Research has shown that IPCs can be extremely effective in pushing the advancement of technology.

List of human-powered aircraft

This is a list of human-powered aircraft by date.

MacCready Gossamer Albatross

The Gossamer Albatross is a human-powered aircraft built by American aeronautical engineer Dr. Paul B. MacCready's company AeroVironment. On June 12, 1979, it completed a successful crossing of the English Channel to win the second £100,000 (£496938 today) Kremer prize.

MacCready Gossamer Condor

The MacCready Gossamer Condor was the first human-powered aircraft capable of controlled and sustained flight; as such, it won the Kremer prize in 1977. Its design was led by Paul MacCready of AeroVironment, Inc.


Musculair 1 and Musculair 2 are two human-powered aircraft designed and built by German academic and engineer Günther Rochelt.

Rochelt designed Musculair 1 and completed building it in 1984, allowing his son Holger to win two Kremer prizes for the flight over "the eight" in four minutes and 25 seconds in 1984. In the same year, he set a world speed record at 35.7 kilometres per hour (22.2 mph) to receive a second Kremer prize. Later that year, Holger and his sister Katrin, at that time still a child, became the first passenger flight in a human powered aircraft.

Length: 7.20 m

Wingspan: 22.00 m

Wing area: 16.50 m2

Glide ratio: 1:38

Height: 2.20 m

Mass of the aircraft: 28 kg

Propeller diameter: 2.72 m

required minimum power: 200 watts

required performance (11m / s): 280 WattsHaving slimmed down to just 41 kilograms (90 lb), in the Günther designed Musculair 2, Holger set a new speed world record of 44.26 kilometres per hour (27.50 mph) in 1985.

*Length: 6.00 m

Wingspan: 19.50 m

Wing area: 11.70 m2

Glide ratio: 1:37

Height: 1.50 m

Mass of the plane: 25 kg

Propeller diameter: 2.68 mToday, Musculair I is on display at the main Deutsches Museum, Munich. Musculair 2 is on display at the specialist Deutsches Museum Flugwerft Schleissheim in Oberschleißheim.

PSU Zephyrus

The PSU Zephyrus is a human-powered aircraft being constructed by the Penn State AERSP 404H team. It is a composite material, single-seat, single propeller, high-wing airplane. The Zephyrus is designed to compete in the Kremer prize sport competition.

Paul MacCready

Paul B. MacCready Jr. (September 29, 1925 – August 28, 2007) was an American aeronautical engineer. He was the founder of AeroVironment and the designer of the human-powered aircraft that won the first Kremer prize. He devoted his life to developing more efficient transportation vehicles that could "Do more with less".


The Southampton University Man Powered Aircraft (or SUMPAC) on 9 November 1961 became the first human-powered aircraft to make an officially authenticated take-off and flight. It was designed and built by Southampton university students between 1960 and 1961 for an attempt at the Kremer prize, but it was never able to complete the 'figure-of-eight' course specified to claim the prize money.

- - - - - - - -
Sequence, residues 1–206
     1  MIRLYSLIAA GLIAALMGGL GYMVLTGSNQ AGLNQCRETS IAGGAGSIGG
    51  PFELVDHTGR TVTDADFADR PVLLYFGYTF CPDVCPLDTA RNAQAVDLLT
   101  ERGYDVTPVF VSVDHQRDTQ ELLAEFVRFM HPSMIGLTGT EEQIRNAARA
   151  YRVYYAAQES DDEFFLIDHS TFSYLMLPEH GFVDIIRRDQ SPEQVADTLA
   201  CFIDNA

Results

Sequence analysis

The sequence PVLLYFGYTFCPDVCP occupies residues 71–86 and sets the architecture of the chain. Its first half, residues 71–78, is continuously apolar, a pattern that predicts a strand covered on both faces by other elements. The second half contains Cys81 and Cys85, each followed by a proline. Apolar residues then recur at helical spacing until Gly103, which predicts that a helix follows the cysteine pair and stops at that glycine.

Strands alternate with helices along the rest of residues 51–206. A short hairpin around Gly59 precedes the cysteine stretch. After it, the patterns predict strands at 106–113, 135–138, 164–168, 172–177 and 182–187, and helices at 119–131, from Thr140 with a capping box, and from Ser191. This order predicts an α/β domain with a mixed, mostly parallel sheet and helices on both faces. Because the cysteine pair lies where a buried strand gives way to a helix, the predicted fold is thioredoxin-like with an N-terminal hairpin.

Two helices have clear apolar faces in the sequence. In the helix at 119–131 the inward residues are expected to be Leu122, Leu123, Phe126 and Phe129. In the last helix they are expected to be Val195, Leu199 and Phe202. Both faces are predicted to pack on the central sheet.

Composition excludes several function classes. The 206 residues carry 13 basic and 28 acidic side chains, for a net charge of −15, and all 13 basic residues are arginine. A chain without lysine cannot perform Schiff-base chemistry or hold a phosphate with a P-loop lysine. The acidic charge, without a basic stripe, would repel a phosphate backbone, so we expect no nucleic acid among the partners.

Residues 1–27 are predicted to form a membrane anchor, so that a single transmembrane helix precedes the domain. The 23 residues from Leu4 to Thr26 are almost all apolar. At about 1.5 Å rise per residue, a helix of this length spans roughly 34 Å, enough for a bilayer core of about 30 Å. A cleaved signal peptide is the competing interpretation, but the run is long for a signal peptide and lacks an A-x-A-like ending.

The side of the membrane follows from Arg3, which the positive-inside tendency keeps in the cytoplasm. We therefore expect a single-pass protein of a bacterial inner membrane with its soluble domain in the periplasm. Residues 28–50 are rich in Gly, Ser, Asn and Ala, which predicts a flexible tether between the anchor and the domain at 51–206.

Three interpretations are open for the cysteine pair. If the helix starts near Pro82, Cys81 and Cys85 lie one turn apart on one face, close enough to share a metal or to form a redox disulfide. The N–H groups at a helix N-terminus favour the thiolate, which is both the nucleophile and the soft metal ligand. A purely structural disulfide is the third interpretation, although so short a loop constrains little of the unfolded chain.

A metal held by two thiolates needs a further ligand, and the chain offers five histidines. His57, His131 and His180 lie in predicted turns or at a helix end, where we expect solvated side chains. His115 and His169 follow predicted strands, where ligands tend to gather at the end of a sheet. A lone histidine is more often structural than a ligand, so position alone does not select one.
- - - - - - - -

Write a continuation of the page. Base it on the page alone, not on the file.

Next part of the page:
Shafter, California

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The city is located along State Route 43. Suburbs of Shafter include Myricks Corner, North Shafter, Smith's Corner, and Thomas Lane.

Solar-Powered Aircraft Developments Solar One

The Solar-Powered Aircraft Developments Solar One is a British mid-wing, experimental, manned solar-powered aircraft that was designed by David Williams and produced by Solar-Powered Aircraft Developments under the direction of Freddie To. On 19 December 1978 it became one of the first solar-powered aircraft to fly, after the unmanned AstroFlight Sunrise and the manned Mauro Solar Riser, and the first successful British solar-powered aircraft.

Taras Kiceniuk Jr.

Taras Kiceniuk Jr. (born c. May 14,1954) is a hang glider pioneer from southern California.

Kiceniuk began building hang gliders in 1971 while still in high school. At first he flew his gliders near Palomar Mountain where his father was curator of the Palomar Observatory but later began flying at Torrey Pines Glider Port in La Jolla. He soon moved from the traditional Rogallo wing design to a rigid flying wing biplane design he called Icarus. Icarus I is now at the Smithsonian Institution awaiting restoration and display. Kiceniuk set several endurance records with Icarus II. Icarus III and Icarus IV were abandoned in the design phase in favor of a monoplane configuration for Icarus V. Icarus V was a precursor to the modern rigid wing hang glider. In 2005 Icarus V was one of eight ultralight aircraft displayed at the Experimental Aircraft Association's Tribute to Ultralight Pioneers exhibit at their AirVenture Museum in Oshkosh, Wisconsin.

Kiceniuk was also a contender for the first Kremer Prize for human-powered flight. His human-powered aircraft was actually a ground effect vehicle that flew only inches above the ground. He later worked with Dr. Paul MacCready on MacCready's Gossamer Albatross.

University of Maryland Gamera II human-powered helicopter

The University of Maryland Gamera II is an improved human-powered helicopter designed to win the US$250,000 Sikorsky Prize.